Epstein’s account by Visoski, while not precisely glowing, was still very impressed. At one point, I counted the word “huge” repeated at least four times in as many minutes. The pool at Little St. James was great, as was the sound system at the financier’s house on the island. The same is true for New Mexico, not to mention, again, its sound system. (Visoski, aside from flying, was, he said, also responsible for handling Epstein’s audiovisual needs, and clearly still has a lot of respect for a good stereo setup.) While Visoski flew the planes – which were stored, like houses, by Maxwell – the cockpit door remained, as a rule, closed, and the pilot insisted that in nearly thirty years of service he had never seen it happen sexual acts, whether or not involving underage women. Passionate about cars, Epstein gifted him with several luxury vehicles over the years and built a house on forty acres that the financier had given him at Zorro Ranch, where he felt confident enough to allow his own young daughters – including high school and college, he said, Epstein had paid to ride with Maxwell. “Do you remember her as a nice person?” Defense attorney Christian Everdell asked, a question to which Visoski answered, without hesitation, in the affirmative. (As far as I know, the masked Maxwell remained empty, even when praised.) If Visoski had known of any inappropriate behavior towards minors on his part or from Epstein, he said. , he would have immediately quit his job. But as he spoke, I kept thinking that for Visoski, even subconsciously, a lot of things had to roll over not awareness.

If in Visoski telling the world that Epstein and Maxwell lived was as wide open and welcoming as the friendly sky on his plane’s windshield, it was something completely different for “Jane,” the first victim called for the bar, later Tuesday. Testifying under a pseudonym, she described her former relationship with Epstein and Maxwell as a nightmarish journey between a maze of oppressive spaces and dark corners at Epstein’s various properties, where she says her abuse took place. She recounted in low, measured voices how Epstein and Maxwell allegedly recruited, groomed, trafficked and sexually assaulted her from 1994, when she was just fourteen. An aspiring singer, she met Epstein and Maxwell during their visit to the artistic summer camp in Interlochen, Mich., Shortly after Jane’s father died suddenly from leukemia, leaving his family in a difficult financial situation. She was eating ice cream when the two adults approached her and started, as she put it, “chatting”. Realizing that she was from Palm Beach, Florida, where Epstein had an estate, the couple befriended her, apparently interested in honing and supporting her artistic aspirations. Epstein, Jane said, started giving her the money. (“It’s for your mother. I know she’s having a hard time,” he apparently told her.) Meanwhile, Maxwell reminded him of an older sister – friendly, joking, asking questions about her. school and boyfriends. She took Jane to the movies and shopping.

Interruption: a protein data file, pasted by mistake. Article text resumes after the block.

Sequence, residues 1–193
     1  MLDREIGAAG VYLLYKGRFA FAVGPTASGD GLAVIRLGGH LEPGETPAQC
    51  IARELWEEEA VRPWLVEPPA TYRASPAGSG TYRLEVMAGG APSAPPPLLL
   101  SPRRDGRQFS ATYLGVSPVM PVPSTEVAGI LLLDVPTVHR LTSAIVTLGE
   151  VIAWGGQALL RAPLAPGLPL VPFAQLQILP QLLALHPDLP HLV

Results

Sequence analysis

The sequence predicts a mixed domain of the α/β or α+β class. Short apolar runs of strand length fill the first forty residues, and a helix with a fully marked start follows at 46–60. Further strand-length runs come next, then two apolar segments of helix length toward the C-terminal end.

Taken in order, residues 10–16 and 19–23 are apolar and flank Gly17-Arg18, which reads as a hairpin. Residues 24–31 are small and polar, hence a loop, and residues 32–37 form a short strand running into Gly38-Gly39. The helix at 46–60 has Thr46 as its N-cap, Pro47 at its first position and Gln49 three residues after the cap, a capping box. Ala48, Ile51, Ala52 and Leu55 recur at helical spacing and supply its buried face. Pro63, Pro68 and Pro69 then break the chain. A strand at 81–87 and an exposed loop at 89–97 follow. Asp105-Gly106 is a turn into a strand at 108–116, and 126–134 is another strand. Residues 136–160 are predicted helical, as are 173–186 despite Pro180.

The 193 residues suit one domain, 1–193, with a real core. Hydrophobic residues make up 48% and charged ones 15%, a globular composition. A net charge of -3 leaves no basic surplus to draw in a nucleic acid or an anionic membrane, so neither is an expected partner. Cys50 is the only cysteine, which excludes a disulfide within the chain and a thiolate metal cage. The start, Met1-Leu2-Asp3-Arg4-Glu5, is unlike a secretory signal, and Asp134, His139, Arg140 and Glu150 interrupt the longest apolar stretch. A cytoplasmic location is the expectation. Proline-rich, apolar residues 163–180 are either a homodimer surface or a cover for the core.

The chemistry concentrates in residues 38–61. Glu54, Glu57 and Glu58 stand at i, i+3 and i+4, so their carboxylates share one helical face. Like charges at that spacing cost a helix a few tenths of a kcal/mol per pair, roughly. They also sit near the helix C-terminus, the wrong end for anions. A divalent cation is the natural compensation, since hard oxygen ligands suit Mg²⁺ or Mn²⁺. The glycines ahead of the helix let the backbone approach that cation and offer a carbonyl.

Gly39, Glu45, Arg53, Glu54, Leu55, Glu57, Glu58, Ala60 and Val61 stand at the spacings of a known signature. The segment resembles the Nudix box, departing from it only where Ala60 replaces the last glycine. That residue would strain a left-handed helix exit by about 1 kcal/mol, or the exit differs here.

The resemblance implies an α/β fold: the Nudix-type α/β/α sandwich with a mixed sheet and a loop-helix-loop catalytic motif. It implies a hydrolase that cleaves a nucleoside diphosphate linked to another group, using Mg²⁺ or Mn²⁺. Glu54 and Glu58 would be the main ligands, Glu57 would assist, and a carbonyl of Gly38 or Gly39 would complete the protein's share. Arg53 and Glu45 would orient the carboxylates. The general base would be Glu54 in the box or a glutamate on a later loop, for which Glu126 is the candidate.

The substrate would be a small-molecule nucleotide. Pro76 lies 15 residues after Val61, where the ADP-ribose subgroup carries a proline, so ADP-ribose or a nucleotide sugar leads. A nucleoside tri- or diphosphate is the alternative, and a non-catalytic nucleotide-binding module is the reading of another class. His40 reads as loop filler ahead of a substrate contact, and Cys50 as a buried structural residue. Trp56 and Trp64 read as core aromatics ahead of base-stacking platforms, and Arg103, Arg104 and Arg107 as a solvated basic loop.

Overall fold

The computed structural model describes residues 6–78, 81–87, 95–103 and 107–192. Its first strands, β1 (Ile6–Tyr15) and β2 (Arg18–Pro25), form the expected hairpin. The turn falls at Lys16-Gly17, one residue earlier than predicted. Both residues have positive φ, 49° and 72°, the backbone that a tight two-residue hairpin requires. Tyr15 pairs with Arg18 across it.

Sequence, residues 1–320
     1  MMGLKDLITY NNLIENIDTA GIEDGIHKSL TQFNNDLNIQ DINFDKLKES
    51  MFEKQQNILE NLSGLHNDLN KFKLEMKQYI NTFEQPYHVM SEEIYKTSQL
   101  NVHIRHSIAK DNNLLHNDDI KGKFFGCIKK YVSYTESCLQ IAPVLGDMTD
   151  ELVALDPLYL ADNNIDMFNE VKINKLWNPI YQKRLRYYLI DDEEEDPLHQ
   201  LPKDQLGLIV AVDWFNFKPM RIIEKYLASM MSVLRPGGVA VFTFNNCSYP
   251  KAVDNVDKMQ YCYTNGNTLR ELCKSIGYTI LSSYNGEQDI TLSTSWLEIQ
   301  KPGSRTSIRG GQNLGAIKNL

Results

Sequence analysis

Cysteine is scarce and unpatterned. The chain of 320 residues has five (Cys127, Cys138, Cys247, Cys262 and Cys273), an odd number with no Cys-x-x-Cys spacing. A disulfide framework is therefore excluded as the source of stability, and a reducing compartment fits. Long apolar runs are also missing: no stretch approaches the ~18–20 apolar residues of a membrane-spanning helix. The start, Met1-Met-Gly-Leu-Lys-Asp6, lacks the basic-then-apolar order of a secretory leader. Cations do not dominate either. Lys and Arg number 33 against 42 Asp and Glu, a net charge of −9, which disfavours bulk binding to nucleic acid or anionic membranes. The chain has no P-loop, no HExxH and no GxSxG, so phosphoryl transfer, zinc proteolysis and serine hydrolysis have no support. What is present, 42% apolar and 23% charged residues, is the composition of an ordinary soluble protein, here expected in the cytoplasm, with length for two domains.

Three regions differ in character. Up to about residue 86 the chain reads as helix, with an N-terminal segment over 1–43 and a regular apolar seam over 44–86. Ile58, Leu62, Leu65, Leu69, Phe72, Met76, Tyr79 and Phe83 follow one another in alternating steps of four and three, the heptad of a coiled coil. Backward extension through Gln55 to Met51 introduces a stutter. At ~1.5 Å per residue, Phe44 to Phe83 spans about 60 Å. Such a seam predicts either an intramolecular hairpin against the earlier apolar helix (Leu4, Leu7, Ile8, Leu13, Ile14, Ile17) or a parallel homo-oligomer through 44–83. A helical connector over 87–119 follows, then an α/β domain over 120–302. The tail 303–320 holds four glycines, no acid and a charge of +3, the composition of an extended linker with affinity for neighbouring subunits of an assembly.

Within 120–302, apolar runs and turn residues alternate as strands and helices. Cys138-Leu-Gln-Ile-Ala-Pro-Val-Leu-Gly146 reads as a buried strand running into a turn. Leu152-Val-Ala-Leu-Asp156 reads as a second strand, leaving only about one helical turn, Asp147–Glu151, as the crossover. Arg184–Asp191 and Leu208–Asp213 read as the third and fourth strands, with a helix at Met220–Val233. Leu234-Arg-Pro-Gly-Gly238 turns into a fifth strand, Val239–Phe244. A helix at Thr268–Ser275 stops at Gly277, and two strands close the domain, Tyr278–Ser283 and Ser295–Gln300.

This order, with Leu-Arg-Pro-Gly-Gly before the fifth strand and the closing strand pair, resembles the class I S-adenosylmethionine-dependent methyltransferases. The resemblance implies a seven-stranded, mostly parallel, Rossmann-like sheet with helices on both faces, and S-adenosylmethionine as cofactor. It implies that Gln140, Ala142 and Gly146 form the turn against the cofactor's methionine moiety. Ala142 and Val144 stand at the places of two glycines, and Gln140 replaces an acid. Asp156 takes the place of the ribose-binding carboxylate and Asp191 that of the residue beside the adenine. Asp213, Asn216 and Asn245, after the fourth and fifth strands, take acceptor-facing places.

Jane, who is now in her 40s, is only a little younger than me. Listening to her testimony, I felt a hint of gratitude for the mid-90s trade status items she recalled buying by Epstein and Maxwell for her: moccasins, a cashmere sweater, underwear. Victoria’s Secret, a “preppy” shirt. But then she testified that Epstein and Maxwell’s kindness quickly turned grim. One day, she said, Epstein walked her wordlessly to his pool house in Palm Beach, where he masturbated on her, leaving her “frozen in fear.” She had “never seen a penis before” and felt “disgusting” and “ashamed”. Gradually, and under the tutelage of Maxwell – who Jane said was an occasional libertine, acting as if everything that happened was “no big deal” – Jane realized her role in the household was to sexually pleasing Epstein. The abuse took place every time she saw him, which for the next two years was about every two weeks. Maxwell taught him “what he liked” – raw, all-nude massages that included touching the financier “everywhere”, and being touched and caressed in turn, sometimes also by Maxwell. Sex toys were involved, even when Jane protested that they had harmed her. She never told her mother what was going on. “My mom was so in love with the idea that these wealthy, well-off people care about me,” Jane said, and told her she should be “thankful” for the attention they were giving her. Epstein and Maxwell tried to teach him a similar lesson. From the start, they’ve always “boasted” and “under-named,” said Jane, wealthy and powerful figures whom they knew and often received calls, in her presence, from their VIP friends. (It reminded me of a tactic recalled by a victim of Harvey Weinstein, who recounted at the disgraced mogul’s trial how he bragged to her about his phone calls to the Clintons.) Jane said she felt intimidated and trapped.